The second phase of MI Power Grid's Advanced Planning Processes will focus on the Integration of Resource/Distribution/Transmission Planning activities through May 2021 and is expected, through an upcoming commission order, to develop recommendations for incorporating Governor Whitmer's MI Healthy Climate Plan's carbon-reduction goals into utility integrated resource planning requirements by the end of 2020.

In addition, the Competitive Procurement Workgroup is developing Competitive Procurement Guidelines to ensure a strong, technology-neutral market response and value for ratepayers through transparency, non-discriminatory access, certainty, and fairness in bidding processes. Stakeholder meetings are underway and will continue through the first quarter of 2021, after which staff will submit a final guidance document for the commission's consideration.

The recent staff report also submitted a number of recommendations for the commission, including issuing orders to incorporate two recently adopted Michigan Senate resolutions into MI Power Grid's workgroups. Senate Resolution 142 asks the MPSC to conduct a study on "alternative and innovative rate design options for Michigan's electric customers," while Senate Resolution 143 urges the MPSC to "study the potential opportunity to integrate customer-owned generation resources into the electric grid."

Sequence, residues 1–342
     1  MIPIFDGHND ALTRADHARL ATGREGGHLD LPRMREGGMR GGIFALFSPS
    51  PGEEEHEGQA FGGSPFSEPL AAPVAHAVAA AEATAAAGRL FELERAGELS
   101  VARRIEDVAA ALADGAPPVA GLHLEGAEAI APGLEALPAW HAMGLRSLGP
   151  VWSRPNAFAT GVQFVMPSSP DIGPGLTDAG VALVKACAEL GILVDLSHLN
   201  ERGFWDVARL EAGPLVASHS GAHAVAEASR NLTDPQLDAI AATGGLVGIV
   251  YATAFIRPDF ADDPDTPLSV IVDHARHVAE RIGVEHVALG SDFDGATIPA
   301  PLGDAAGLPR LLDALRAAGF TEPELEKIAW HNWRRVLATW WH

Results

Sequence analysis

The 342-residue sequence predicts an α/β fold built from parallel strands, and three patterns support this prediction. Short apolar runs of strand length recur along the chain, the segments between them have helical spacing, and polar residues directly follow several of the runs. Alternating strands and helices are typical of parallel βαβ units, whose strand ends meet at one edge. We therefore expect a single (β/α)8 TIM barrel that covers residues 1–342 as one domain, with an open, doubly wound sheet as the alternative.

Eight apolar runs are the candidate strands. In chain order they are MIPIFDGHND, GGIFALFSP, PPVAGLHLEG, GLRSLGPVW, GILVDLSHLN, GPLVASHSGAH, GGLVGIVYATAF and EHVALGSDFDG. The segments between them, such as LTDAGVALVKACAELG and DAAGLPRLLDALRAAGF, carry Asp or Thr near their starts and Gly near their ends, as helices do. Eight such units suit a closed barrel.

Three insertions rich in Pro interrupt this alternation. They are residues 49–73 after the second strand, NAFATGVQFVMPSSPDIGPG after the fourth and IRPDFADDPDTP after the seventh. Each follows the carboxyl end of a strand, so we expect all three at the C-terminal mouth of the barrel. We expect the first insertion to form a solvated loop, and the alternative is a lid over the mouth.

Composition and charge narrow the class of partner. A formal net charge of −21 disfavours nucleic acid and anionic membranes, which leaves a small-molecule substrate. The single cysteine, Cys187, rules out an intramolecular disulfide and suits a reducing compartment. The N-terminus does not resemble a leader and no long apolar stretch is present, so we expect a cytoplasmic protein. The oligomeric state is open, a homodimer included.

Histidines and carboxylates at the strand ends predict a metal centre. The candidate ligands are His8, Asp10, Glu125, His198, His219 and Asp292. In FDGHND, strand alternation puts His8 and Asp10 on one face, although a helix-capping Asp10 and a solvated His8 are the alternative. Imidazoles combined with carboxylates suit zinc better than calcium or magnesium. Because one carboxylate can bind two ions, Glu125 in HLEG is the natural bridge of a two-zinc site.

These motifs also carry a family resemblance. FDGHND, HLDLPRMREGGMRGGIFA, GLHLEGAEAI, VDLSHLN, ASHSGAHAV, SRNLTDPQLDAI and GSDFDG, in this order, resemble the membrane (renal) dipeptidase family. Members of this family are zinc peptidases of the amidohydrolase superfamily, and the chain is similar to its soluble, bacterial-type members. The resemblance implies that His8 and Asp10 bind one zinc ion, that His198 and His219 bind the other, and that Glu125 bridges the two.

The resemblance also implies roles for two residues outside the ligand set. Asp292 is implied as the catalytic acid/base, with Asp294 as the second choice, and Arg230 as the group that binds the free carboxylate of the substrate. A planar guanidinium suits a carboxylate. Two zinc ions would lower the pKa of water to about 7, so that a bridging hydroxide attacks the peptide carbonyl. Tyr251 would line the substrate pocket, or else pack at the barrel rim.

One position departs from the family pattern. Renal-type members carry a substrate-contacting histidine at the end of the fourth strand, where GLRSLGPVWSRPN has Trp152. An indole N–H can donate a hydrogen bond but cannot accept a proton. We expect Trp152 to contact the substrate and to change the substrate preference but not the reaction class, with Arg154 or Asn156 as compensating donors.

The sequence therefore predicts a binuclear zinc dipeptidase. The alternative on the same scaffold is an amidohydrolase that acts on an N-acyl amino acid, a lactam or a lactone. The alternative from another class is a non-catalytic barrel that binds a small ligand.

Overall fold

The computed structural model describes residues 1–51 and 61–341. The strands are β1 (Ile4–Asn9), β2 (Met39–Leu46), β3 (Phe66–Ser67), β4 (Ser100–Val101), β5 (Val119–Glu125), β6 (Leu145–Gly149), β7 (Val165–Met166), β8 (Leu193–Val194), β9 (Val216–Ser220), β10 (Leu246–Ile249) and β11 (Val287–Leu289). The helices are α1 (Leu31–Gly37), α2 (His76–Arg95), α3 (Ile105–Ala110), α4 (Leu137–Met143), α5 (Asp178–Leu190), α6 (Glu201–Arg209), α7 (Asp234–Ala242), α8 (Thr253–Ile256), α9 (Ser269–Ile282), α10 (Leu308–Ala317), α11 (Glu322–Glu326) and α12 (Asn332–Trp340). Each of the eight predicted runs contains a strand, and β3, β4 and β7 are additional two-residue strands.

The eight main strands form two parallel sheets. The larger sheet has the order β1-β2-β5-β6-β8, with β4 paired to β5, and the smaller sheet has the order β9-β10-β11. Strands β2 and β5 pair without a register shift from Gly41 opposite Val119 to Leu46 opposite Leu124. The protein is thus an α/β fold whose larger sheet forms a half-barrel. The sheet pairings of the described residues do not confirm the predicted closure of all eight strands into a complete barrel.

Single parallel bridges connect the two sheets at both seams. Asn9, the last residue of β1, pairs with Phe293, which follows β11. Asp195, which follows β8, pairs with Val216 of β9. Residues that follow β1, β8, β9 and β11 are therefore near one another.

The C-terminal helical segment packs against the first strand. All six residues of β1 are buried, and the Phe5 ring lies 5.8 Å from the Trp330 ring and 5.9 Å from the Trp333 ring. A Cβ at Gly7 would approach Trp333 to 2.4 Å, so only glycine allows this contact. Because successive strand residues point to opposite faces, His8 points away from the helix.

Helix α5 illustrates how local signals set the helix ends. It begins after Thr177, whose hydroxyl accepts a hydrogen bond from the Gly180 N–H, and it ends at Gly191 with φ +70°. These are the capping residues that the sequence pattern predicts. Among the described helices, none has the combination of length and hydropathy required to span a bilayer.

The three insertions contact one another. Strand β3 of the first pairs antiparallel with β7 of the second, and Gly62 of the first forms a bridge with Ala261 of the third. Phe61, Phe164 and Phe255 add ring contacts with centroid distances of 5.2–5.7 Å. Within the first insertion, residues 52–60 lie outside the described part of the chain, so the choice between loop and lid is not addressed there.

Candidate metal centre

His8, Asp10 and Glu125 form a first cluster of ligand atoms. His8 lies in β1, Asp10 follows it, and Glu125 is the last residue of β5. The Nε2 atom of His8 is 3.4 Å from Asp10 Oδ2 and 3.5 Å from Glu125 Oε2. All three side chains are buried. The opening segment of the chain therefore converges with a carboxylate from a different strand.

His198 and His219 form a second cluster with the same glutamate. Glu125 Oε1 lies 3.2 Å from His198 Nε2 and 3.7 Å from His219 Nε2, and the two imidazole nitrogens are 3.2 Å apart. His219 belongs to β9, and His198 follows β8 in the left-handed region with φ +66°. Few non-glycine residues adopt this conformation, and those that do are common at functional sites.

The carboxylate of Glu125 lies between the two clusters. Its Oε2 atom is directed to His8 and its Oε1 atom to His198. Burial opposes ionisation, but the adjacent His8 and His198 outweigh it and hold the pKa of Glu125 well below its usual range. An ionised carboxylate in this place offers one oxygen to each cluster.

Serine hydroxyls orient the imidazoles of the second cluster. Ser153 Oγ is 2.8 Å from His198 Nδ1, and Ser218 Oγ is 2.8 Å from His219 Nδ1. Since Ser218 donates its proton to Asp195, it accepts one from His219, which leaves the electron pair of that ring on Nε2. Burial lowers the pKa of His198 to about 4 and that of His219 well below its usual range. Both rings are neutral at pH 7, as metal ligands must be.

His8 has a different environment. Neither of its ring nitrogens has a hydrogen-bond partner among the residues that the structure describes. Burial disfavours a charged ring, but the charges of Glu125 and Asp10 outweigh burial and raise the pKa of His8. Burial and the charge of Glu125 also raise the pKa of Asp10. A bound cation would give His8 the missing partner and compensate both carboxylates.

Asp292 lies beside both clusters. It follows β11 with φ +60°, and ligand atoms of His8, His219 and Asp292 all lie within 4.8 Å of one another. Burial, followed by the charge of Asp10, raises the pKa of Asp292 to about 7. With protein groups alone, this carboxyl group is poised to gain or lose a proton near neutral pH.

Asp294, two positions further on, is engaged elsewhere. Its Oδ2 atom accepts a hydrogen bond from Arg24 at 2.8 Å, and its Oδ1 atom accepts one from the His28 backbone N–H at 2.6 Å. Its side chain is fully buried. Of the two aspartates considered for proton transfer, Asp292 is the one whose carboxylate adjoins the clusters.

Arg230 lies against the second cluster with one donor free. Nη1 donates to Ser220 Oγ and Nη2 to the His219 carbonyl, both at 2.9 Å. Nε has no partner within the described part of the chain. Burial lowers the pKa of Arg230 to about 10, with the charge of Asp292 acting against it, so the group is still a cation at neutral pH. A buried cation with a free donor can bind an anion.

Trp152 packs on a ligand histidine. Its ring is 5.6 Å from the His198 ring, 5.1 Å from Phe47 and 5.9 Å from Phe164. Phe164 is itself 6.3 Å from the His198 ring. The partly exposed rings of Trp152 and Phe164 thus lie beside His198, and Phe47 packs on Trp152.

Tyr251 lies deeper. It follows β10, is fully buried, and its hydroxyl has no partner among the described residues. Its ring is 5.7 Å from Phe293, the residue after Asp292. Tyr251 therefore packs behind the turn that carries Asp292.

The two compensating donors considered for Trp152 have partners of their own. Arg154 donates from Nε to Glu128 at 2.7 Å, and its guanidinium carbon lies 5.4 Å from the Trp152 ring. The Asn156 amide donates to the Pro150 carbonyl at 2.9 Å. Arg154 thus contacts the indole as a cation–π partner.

Staff also recommends the commission use a MI Power Grid workgroup to evaluate the impact of the Federal Energy Regulatory Commission's (FERC) Order 2222, which requires regional transmission organizations to establish tariffs allowing aggregators of DERs to participate in wholesale markets. Staff also recommended that the commission consider ordering staff to submit a second status report during the third quarter of 2021 and extending the deadline for the MI Power Grid final report until 2022 to allow for adequate time for stakeholder efforts, staff review and recommendations, and commission action on MI Power Grid's remaining work areas.